Rapid Formation of Gas-giant Planets via Collisional Coagulation from Dust Grains to Planetary Cores

Hiroshi Kobayashi, Hidekazu Tanaka

Research output: Contribution to journalArticlepeer-review

13 Citations (Scopus)


Gas-giant planets, such as Jupiter, Saturn, and massive exoplanets, were formed via the gas accretion onto the solid cores, each with a mass of roughly 10 Earth masses. However, rapid radial migration due to disk-planet interaction prevents the formation of such massive cores via planetesimal accretion. Comparably rapid core growth via pebble accretion requires very massive protoplanetary disks because most pebbles fall into the central star. Although planetesimal formation, planetary migration, and gas-giant core formation have been studied with a lot of effort, the full evolution path from dust to planets is still uncertain. Here we report the result of full simulations for collisional evolution from dust to planets in a whole disk. Dust growth with realistic porosity allows the formation of icy planetesimals in the inner disk (≲10 au), while pebbles formed in the outer disk drift to the inner disk and there grow to planetesimals. The growth of those pebbles to planetesimals suppresses their radial drift and supplies small planetesimals sustainably in the vicinity of cores. This enables rapid formation of sufficiently massive planetary cores within 0.2-0.4 million years, prior to the planetary migration. Our models shows the first gas giants form at 2-7 au in rather common protoplanetary disks, in agreement with the exoplanet and solar systems.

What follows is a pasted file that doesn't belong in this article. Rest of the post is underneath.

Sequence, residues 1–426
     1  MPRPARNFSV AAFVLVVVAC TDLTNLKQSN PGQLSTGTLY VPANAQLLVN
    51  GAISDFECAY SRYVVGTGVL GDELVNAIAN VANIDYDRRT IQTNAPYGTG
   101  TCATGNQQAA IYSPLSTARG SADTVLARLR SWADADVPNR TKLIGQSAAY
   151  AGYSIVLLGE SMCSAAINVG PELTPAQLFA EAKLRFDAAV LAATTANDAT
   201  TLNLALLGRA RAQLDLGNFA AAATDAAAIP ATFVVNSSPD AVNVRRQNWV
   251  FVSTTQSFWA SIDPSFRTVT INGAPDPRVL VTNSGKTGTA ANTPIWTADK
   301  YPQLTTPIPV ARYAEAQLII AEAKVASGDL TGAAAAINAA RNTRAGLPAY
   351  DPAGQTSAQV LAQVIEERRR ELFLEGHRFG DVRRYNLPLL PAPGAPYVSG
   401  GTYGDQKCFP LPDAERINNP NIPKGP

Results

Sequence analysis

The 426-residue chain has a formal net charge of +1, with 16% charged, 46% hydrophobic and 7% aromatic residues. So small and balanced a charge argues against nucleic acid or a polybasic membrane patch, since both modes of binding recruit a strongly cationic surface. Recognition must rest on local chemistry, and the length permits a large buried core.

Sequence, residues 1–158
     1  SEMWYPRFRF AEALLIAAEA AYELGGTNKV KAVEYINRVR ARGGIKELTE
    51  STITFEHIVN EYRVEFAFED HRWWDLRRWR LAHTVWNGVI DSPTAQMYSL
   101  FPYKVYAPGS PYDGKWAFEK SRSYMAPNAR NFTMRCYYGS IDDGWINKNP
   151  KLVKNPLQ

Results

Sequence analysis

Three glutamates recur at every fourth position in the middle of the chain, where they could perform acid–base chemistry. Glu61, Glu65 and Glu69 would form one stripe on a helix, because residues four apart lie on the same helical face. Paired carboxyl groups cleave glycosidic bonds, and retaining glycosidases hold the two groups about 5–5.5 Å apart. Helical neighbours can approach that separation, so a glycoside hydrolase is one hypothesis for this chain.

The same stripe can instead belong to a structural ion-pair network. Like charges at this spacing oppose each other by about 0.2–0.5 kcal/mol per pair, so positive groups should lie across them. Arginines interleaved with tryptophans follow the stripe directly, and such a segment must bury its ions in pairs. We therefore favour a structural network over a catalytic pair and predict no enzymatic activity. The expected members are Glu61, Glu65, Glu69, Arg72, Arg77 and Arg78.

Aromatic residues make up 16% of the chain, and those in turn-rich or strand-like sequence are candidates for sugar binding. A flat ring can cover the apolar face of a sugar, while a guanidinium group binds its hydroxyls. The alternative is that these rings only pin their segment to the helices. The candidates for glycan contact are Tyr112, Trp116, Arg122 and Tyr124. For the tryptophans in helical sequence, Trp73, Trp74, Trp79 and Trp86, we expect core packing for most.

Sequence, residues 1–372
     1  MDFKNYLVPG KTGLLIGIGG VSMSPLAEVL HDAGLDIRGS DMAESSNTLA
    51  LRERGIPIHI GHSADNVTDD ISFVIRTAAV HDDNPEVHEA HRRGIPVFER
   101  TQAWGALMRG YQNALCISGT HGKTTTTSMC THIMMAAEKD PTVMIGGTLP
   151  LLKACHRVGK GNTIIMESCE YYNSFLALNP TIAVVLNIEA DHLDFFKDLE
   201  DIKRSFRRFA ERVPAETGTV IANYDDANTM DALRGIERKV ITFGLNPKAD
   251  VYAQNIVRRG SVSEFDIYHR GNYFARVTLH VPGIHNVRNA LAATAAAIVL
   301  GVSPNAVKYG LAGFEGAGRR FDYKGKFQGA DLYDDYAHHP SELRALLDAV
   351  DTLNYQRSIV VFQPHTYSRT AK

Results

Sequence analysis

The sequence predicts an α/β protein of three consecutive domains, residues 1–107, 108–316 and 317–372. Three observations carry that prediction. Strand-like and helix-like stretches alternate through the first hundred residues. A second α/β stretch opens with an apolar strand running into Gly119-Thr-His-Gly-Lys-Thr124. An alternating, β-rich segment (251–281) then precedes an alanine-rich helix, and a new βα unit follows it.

Original languageEnglish
Article number16
JournalAstrophysical Journal
Issue number1
Publication statusPublished - 2021 Nov 20

ASJC Scopus subject areas

  • Astronomy and Astrophysics
  • Space and Planetary Science


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